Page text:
a statue of the roman emperor caesar augusta in zaragoza, spain
Caesar Augusta

We’ve now arrived at La Seo de Zaragoza, the Cathedral of the Savior, yes, another cathedral in Zaragoza; they are lucky enough to have two.

La Seo forms part of the UNESCO World Heritage for the Mudéjar Architecture of Aragon. The site that the cathedral stands on has been a sacred place of worship for centuries. Its location sits on the site of the old Roman forum where a temple would have once stood in the first century BC.

During the 1st century AD, a mosque was built on the site; however, little evidence of this remains, and in 1121, the building was consecrated as a Christian Church and converted for Christian worship.

the intricately detailed mudéjar exterior of the cathedral of the savior in zaragoza spain
Mudéjar exterior of La Seo de Zaragoza
the a fountain in front of the tower and entrance of the cathedral of the savior in zaragoza spain
La Seo de Zaragoza

In the mid-12th-century, the mosque was destroyed, and a Romanesque Cathedral was built in its place. The cathedral continued to evolve through different styles from Gothic, Mudéjar, Renaissance and Baroque. The Mudéjar exterior wall on the left of the cathedral is incredible.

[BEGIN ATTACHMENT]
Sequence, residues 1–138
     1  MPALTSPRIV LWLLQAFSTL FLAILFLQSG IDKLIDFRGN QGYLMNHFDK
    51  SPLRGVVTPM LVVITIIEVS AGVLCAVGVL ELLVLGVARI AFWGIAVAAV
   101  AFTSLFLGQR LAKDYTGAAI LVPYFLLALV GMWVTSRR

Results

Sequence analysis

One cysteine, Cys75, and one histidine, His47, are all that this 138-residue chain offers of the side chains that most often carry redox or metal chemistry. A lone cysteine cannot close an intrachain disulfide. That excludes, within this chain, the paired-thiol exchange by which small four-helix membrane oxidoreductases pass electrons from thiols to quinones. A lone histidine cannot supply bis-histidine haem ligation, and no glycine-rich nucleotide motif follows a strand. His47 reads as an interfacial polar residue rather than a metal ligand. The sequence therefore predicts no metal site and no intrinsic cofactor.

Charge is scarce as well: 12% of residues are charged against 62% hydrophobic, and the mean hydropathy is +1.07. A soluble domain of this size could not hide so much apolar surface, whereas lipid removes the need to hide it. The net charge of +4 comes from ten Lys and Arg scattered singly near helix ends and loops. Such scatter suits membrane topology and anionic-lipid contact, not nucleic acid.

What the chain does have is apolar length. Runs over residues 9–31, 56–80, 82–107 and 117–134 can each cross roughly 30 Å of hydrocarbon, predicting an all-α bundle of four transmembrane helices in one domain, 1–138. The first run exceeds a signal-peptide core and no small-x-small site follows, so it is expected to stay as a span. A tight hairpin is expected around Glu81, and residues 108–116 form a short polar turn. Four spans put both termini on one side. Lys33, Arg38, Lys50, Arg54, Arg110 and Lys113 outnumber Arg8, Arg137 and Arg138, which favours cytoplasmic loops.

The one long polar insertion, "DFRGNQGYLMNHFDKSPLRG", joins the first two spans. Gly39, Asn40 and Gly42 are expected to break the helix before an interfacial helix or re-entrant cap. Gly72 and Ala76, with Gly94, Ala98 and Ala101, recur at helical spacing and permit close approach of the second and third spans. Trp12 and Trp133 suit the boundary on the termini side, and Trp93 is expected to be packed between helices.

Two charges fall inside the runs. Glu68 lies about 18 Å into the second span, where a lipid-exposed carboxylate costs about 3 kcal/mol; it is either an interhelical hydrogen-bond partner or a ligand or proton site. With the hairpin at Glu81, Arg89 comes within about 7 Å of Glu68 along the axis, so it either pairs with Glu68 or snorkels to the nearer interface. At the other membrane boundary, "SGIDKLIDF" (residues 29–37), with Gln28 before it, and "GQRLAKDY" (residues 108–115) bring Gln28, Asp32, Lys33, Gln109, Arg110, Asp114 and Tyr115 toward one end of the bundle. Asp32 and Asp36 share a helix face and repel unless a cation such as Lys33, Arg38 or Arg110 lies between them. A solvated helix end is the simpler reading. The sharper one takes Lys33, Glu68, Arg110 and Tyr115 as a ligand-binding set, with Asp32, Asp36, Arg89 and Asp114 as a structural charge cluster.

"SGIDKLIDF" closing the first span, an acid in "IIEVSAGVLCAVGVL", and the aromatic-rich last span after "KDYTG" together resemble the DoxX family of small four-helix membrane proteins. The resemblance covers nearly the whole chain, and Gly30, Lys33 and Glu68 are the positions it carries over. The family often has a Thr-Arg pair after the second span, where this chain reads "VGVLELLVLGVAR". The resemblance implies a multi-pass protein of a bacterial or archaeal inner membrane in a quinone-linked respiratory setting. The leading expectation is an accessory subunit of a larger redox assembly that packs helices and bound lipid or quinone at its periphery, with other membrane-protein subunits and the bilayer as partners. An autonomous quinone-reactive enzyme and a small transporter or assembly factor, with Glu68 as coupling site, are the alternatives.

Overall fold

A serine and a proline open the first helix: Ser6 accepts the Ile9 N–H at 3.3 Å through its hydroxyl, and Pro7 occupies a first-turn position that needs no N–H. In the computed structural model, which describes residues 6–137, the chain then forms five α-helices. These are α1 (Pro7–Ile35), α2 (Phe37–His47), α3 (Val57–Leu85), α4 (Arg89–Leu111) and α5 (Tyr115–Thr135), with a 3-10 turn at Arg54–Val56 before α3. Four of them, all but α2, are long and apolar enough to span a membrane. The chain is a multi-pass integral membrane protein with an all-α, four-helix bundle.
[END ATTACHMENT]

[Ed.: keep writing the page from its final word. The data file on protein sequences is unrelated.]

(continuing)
Visiting La Seo de Zaragoza was amazing; there are so many chapels within the cathedral, which are extremely ornate and lavish.

I would just like to add that photography inside La Seo was strictly forbidden, and it was rigorously enforced.

A Spanish Road Trip

Discover more of historic Spain and tour its picturesque countryside in the north, or head south to explore the Sierra Nevada National Park just south of Granada.

You can do it all on a road trip; Rental Cars searches multiple well-known car hire brands and discovers the deals that suit you the best.

Admiring Plaza de Caesar Augusta

The Romans left their mark
I really loved the charming square of Plaza de Caesar Augusta; it’s located at the west end of Plaza del Pilar and had a little less hustle and bustle of the main square.
the illunimated church of san juan de los panetes in the plaza de caesar augusta in zaragoza spain
The Church of San Juan de los Panetes
There’s some fascinating history and wonderful architecture just within a few steps of Plaza de Caesar Augusta. One immediately noticeable landmark is the eye-catching Church of San Juan de los Panetes and its prominent tower, which sits elevated above the plaza.
a roman arch and ruins in the plaza de caesar augusta in zaragoza spain
Murallas Romana de Zaragoza
Adjacent to the church are the Roman Walls of Caesaraugusta, the ‘Murallas Romana de Zaragoza’. These walls would have once surrounded the city, with twelve city gates up to 120 towers, and in places, the walls were 7 metres thick.
the reconstructed roman arch walls with their defensive towers in the plaza de caesar augusta in zaragoza spain
Outside the Roman Walls of Zaragoza
Nearby the Roman ruins is a bronze statue of Caesar Augusta, which looks down along the walls and three semi-circular towers.

Visiting Aljafería Palace

A stunning fortified palace

We’re now off to the magnificent Aljafería Palace. This remarkable Islamic fortress was built during the 11th-century as a luxury retreat for the Kings of the Taifa of Zaragoza.